As far as I can tell, this is the first of Grant’s work to draw on her experience as a pilot; if it was mentioned in the two prior novels of hers I’ve reviewed, “Scaling the Rim”   and Shattered Under Midnight,” I missed it entirely. 

Some books are so good, that a reader says “I couldn’t put it down.” Book lovers know that there is AT LEAST one level above that: “I put it down, because I didn’t want it to end.” 
And that’s how good this book is.
Yes, I DID go back and finish it. 
Michelle Lauden is a hard-core pilot. She’s not yet old, but if she ever WAS bold, she’s gotten it out of her system. Good enough is NOT for her; she seeks perfection, in every aspect, every time. What sets her apart from some other pilots is that she also seeks perfection in her courtesy and respect for her flight crew, the mechanics, and even the ramp rats who load cargo.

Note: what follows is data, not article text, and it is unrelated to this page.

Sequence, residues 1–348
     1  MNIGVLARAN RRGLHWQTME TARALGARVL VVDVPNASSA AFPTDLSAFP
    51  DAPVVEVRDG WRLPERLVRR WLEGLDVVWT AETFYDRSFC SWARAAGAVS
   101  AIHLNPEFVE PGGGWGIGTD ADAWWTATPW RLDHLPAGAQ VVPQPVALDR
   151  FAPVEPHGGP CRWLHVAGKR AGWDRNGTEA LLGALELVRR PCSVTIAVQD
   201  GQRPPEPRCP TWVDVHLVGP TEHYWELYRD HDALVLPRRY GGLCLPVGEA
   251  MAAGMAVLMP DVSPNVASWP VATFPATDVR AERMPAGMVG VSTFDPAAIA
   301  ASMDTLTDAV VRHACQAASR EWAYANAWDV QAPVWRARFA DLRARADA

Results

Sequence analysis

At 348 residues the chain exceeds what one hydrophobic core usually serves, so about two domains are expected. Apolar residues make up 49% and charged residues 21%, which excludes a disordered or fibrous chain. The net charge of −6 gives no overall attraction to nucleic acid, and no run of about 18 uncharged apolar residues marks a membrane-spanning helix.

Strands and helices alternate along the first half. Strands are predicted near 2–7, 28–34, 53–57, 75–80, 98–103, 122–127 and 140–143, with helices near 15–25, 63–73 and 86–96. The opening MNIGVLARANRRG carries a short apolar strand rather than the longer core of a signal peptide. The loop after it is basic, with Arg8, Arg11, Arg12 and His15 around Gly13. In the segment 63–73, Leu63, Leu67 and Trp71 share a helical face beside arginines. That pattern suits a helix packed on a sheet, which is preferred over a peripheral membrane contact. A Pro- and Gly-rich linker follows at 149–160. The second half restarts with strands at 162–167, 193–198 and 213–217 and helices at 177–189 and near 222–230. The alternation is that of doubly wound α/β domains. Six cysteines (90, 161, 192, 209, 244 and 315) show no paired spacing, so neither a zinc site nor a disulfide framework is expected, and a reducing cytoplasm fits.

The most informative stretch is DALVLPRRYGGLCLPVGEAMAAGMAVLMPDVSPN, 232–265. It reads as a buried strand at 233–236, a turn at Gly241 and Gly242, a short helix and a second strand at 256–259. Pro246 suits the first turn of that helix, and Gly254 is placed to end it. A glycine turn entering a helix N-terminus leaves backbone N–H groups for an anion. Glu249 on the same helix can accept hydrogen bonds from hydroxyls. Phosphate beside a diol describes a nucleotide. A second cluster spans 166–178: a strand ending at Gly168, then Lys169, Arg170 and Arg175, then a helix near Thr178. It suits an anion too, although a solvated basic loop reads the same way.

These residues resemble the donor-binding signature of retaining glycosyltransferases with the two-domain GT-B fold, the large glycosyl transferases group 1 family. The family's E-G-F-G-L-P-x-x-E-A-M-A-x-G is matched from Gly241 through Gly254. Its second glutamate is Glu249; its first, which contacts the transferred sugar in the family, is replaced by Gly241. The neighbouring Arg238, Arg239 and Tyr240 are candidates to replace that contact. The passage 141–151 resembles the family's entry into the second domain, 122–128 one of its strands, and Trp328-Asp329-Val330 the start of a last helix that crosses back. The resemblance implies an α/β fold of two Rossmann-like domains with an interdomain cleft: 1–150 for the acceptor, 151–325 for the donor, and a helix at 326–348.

Perhaps her respect doesn’t extend to the dispatchers, but she DOES honor the schedule, even when it’s radically changed at the last second.

And THAT is the state in which we find her at the beginning of the book. She has just brought in a ballistic flight (one of a very small number of pilots with that rating) and is expecting some down-time; instead, she discovers that she has a quick turn-around flight, that comes too close to putting her over the maximum time she is permitted to fly.

A small note here: beside rules like this (and others) there are some particular aviation terms that  some readers might not know. It will NOT harm your comprehension of the story; it WILL be a nice  extra for those with some prior knowledge.